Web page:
Minna Salami. Sensuous Knowledge: A Black Feminist Approach For Everyone. Amistad, 2020. Chapter 4. “Of Identity.”

To intrigue and inspire you with their solitude

"In “The Grape Man,” Crosley reflects on the death of her downstairs neighbor Don, an older, single man who tended an elaborate garden outside his apartment. “To live alone can be a glorious thing. Between jags of crippling loneliness and wretched TV, it’s an education in self-sufficiency, self-actualization and self-tanner. But it is possible to have too many rooms of one’s own,” Crosley remarks, with some regret for never having taken full inventory of this man’s solitude. Don had occupied for her the strange and unlabeled space between the palpable, but mostly passive, affection between neighbors, and the solid, certain affections between actual friends. The essay’s sadness derives not just from Don’s isolation, but from the author’s reminder that nearly everyone we know in some way occupies that same mysterious liminal space."
“The Essays Are Personal. The Truths Are Universal.” Alana Massey. Reviewing Sloane Crosley’s Look Alive Out There. New York Times. April 19, 2018.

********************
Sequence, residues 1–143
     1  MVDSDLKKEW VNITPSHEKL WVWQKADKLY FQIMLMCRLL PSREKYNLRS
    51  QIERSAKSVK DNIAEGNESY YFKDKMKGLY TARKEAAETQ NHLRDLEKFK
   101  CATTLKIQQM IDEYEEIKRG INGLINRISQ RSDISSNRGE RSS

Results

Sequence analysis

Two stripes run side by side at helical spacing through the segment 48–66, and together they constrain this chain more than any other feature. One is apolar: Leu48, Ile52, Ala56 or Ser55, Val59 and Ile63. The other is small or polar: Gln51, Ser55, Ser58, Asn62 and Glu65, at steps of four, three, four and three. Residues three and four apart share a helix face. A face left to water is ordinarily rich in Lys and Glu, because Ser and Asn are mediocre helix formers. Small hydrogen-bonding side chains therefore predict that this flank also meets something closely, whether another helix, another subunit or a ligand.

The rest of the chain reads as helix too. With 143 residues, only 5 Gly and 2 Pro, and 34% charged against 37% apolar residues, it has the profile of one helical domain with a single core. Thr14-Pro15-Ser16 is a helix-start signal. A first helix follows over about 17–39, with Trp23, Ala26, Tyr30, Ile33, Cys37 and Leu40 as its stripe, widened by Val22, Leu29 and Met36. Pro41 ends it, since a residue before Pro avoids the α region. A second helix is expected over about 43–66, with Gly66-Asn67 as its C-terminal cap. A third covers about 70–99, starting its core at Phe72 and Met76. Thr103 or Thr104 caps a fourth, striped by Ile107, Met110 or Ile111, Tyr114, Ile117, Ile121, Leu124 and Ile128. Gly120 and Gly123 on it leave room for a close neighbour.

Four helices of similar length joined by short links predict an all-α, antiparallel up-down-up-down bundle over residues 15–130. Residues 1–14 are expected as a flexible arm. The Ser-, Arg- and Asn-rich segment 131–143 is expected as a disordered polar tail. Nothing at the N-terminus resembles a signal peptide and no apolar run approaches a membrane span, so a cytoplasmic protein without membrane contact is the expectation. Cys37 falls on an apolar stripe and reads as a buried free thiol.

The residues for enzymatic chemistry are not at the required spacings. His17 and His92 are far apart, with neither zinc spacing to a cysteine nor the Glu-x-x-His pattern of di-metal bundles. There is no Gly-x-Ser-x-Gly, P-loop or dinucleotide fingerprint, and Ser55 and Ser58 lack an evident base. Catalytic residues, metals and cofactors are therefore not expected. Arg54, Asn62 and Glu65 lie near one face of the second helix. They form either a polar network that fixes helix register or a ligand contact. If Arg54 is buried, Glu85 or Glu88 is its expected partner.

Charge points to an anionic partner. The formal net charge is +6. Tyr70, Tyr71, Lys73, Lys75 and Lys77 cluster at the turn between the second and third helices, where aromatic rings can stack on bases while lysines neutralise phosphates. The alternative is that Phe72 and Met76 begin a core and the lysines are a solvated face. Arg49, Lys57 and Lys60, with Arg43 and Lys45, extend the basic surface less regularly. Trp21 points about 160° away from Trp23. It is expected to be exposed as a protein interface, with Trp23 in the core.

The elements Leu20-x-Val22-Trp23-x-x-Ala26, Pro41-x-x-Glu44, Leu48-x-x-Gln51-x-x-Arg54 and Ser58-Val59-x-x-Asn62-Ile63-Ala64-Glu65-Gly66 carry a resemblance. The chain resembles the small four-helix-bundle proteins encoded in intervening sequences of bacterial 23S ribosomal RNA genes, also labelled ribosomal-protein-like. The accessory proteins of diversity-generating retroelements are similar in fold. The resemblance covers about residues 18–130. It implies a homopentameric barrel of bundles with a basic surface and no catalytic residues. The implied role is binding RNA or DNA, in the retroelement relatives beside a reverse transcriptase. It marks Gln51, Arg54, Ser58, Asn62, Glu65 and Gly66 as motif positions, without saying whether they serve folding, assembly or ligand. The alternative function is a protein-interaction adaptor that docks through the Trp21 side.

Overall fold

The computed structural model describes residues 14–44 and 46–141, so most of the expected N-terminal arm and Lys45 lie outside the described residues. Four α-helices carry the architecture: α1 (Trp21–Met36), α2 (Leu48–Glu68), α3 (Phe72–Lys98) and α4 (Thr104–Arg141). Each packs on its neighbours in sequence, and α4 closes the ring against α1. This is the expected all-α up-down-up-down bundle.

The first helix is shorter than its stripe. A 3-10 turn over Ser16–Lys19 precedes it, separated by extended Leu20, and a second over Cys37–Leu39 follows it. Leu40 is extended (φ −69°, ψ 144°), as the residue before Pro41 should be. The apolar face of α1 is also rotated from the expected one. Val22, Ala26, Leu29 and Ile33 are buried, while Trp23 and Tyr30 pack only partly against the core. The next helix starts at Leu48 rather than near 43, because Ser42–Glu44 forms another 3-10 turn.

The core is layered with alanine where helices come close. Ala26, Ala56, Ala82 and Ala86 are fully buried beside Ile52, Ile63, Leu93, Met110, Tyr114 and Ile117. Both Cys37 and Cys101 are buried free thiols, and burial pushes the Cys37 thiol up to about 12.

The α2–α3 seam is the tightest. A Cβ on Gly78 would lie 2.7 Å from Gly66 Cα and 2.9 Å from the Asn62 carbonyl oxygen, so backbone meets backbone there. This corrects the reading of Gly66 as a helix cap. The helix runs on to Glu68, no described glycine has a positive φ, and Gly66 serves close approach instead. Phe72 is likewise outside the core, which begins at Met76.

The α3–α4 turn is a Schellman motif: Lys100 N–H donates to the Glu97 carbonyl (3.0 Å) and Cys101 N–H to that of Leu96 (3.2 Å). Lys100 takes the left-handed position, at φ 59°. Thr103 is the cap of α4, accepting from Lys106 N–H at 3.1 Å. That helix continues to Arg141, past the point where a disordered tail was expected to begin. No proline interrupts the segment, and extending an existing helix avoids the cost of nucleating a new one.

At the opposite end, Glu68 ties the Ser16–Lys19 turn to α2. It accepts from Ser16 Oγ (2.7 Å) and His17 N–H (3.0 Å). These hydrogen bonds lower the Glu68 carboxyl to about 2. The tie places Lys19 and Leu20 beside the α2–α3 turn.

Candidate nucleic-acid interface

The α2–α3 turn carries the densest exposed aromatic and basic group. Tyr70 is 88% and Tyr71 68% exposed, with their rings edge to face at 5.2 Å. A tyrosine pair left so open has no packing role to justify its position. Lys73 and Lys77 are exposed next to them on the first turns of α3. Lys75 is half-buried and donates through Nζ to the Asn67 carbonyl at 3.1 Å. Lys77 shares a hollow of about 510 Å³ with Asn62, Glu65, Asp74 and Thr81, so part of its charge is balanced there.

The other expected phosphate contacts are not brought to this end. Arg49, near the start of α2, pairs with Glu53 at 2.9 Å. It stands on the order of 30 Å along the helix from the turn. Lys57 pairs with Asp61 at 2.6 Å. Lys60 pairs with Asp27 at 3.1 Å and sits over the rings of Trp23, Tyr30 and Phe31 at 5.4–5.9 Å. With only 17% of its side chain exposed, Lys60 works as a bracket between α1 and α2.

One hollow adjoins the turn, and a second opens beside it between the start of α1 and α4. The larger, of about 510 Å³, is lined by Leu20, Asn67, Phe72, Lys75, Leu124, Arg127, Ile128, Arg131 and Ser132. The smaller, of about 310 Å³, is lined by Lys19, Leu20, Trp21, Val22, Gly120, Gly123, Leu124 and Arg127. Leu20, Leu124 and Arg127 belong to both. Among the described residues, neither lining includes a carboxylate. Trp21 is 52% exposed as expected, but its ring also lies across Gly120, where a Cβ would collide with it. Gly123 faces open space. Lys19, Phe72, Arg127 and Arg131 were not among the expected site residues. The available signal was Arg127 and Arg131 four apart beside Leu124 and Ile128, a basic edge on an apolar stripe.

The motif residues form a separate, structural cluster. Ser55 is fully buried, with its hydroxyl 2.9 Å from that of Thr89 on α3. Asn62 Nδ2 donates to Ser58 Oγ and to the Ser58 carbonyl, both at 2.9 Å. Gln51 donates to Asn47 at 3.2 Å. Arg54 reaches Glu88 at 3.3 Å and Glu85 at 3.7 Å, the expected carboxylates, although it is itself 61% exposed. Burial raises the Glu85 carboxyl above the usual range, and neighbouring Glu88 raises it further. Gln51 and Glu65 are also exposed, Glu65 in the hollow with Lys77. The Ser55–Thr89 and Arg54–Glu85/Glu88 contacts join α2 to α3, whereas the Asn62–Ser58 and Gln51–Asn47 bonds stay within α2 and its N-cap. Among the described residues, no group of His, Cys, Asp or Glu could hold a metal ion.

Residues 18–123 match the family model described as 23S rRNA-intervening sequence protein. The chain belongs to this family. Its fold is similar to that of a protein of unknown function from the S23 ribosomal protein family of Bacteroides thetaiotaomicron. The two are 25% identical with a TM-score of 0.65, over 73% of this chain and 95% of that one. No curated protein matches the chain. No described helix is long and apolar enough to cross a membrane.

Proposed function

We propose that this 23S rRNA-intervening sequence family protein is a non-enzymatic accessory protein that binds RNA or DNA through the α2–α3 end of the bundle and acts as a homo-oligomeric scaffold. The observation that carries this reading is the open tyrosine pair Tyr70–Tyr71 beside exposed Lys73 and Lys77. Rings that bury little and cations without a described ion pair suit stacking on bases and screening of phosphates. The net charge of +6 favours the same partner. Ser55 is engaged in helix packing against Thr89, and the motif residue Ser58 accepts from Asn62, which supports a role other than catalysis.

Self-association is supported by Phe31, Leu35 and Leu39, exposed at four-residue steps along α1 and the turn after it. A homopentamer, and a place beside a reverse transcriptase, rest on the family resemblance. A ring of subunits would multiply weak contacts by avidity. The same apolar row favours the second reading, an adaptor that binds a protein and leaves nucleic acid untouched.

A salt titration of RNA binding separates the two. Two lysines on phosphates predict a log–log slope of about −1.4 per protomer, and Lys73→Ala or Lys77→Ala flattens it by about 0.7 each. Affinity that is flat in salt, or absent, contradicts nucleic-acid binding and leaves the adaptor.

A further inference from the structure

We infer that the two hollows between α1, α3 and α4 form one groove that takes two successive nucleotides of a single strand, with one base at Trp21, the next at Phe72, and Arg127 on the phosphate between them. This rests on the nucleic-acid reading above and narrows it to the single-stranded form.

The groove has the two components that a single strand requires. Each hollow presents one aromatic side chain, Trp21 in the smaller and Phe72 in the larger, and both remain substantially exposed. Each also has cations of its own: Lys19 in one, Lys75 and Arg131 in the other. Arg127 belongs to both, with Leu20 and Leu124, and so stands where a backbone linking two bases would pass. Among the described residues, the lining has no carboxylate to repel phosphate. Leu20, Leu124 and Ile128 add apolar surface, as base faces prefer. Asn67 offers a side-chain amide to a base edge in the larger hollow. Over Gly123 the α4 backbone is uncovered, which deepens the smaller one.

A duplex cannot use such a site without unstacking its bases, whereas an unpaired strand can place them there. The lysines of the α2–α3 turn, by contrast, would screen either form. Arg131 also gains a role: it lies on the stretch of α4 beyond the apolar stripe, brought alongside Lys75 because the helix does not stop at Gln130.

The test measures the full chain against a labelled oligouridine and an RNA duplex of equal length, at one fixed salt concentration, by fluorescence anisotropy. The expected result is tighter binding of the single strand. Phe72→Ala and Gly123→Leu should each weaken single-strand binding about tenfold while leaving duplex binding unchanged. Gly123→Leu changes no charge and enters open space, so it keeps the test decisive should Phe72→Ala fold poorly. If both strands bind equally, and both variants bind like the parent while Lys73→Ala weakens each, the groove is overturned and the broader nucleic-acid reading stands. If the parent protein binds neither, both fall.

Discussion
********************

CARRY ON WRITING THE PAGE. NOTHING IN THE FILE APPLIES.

"The aspect of me she called 'the hermit' she thought charming — insofar as it was artistic, part of the mysterious charm of artists. The idea of me, her new friend, holed up in a room behind a locked door hunched over a manuscript was titillating — in the abstract, as long as it happened at those times when she did not happen to call and want to chat."
Anneli Rufus. Party of One: The Loner's Manifesto. Da Capo Press, 2003. p. 71.

To have a shared heart

"We [my sister and I] longed for each other mightily but somehow understood that our love was too strong to allow for either one of us to have real relationships with anyone else, and that it was probably best that we live in separate cities. We still shared a conjoined psycho-spiritual system, where we found ourselves changing in tandem ways throughout our life."
But on this particular Sunday morning, Faith wasn’t answering the phone.
Jill Soloway. She Wants It: Desire, Power, and Toppling the Patriarchy. Crown, 2018.